Have you ever started doing something (a job, a relationship, a sporting event) for one reason, and then somehow find yourself co-opted into somebody else’s agenda? Have you ever lost sight of why you wanted to do something in the first place?

If so, take a step back. Take yourself back to where it started. Remind yourself what matters. And be true to that.


If you’re interested in reading more about my Atlantic voyage, check out the book, Rowing The Atlantic: Lessons Learned on the Open Ocean


Other Stuff:

I’m speaking in New York this week, at a private corporate event. Top tip: if you fly from the UK to the US (or vice versa) with Iceland Air, you get a free layover in Iceland. So we’re off for a mini-explore – yayy!



  • Roz

    In broad terms I view you as stark raving mad, but in focused terms you are my absolute hero. Being green with envy is not the answer, “Just get out and do it!”, she said.
    Nah, at about 70 I have left things a bit late.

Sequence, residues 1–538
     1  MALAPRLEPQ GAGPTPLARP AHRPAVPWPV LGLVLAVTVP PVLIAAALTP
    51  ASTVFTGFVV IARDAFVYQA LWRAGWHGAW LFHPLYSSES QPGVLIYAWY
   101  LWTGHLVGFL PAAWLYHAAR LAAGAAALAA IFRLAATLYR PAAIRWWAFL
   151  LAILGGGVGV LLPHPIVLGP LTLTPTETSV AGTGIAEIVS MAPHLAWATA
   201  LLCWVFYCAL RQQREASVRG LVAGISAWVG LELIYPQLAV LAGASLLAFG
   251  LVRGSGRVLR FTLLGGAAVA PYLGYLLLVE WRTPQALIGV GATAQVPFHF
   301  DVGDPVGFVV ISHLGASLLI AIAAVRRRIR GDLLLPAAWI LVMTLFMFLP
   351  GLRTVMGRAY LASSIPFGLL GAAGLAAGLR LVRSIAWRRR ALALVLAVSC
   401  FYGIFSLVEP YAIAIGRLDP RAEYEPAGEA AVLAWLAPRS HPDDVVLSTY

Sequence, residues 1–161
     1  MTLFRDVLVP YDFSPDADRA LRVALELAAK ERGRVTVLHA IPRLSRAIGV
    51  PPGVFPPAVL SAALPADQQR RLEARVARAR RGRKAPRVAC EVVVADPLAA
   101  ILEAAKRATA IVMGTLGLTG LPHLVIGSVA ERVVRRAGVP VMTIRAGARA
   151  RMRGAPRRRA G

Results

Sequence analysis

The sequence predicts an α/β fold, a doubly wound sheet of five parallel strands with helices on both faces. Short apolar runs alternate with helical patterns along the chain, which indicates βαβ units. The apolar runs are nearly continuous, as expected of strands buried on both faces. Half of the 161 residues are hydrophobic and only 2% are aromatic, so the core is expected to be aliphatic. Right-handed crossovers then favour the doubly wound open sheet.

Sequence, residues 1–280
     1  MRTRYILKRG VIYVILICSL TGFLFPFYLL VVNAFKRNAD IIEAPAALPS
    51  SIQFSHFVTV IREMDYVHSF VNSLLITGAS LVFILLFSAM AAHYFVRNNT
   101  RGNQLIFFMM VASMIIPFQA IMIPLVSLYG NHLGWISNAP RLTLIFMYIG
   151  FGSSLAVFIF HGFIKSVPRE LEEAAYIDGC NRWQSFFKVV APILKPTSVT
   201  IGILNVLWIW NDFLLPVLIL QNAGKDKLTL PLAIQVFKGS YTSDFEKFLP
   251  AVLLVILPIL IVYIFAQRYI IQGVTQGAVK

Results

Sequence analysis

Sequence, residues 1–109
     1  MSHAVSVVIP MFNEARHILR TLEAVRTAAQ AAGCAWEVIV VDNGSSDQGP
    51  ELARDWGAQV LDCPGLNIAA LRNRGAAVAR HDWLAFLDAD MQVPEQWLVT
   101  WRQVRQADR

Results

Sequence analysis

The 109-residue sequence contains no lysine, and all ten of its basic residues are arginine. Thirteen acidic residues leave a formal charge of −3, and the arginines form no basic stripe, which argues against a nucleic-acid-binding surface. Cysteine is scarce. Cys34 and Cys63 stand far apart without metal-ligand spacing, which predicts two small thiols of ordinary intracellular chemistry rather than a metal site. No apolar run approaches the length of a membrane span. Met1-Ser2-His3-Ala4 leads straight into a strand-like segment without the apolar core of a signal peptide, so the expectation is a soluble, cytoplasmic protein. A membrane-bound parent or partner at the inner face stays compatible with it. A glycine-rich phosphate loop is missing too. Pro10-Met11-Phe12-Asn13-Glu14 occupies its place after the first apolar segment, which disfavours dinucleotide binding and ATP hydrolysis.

• Yes Roz, this happens very frequently in the work place, eg, a line manager wants to keep his sheet clean and be seen to be in charge, so holds back others so not to be undermined – even if someone elses ideas can enhance the goals and image of the organisation, so those that try to maintain their beliefs or ambitions and be true to themselves, eventually leave, square pegs and round holes eh! But who are the real hearo’s and champions!

      • I think increasingly the workplace will need to be about collaboration, not competition. There is a lot of talk about how the younger generation, the Millennials, require more from their work than previous generations. Change is coming. And it’s time!

  • Hi Roz
    I just love reading your emails, so full of inspiration and positive life lessons. Always makes me want to push myself just that bit harder and make a difference in the world. Keep following that dream and enjoy life. Thanks Arran

    • You are so welcome, Arran! Thank you for reading. And keep following that dream and making a difference. The world needs more people like you.

  • Hi Roz, Thanks for your reminder on creating and focusing on our own vision and goals. I have fallen, and continue to fall into the comparison trap. There really is no win in comparing ourselves to others. I wrote a blog in January that you might appreciate. http://www.eqadvantage.ca/#!The-Comparison-Trap/c1h01/56902d8f0cf21dc8b192f4b6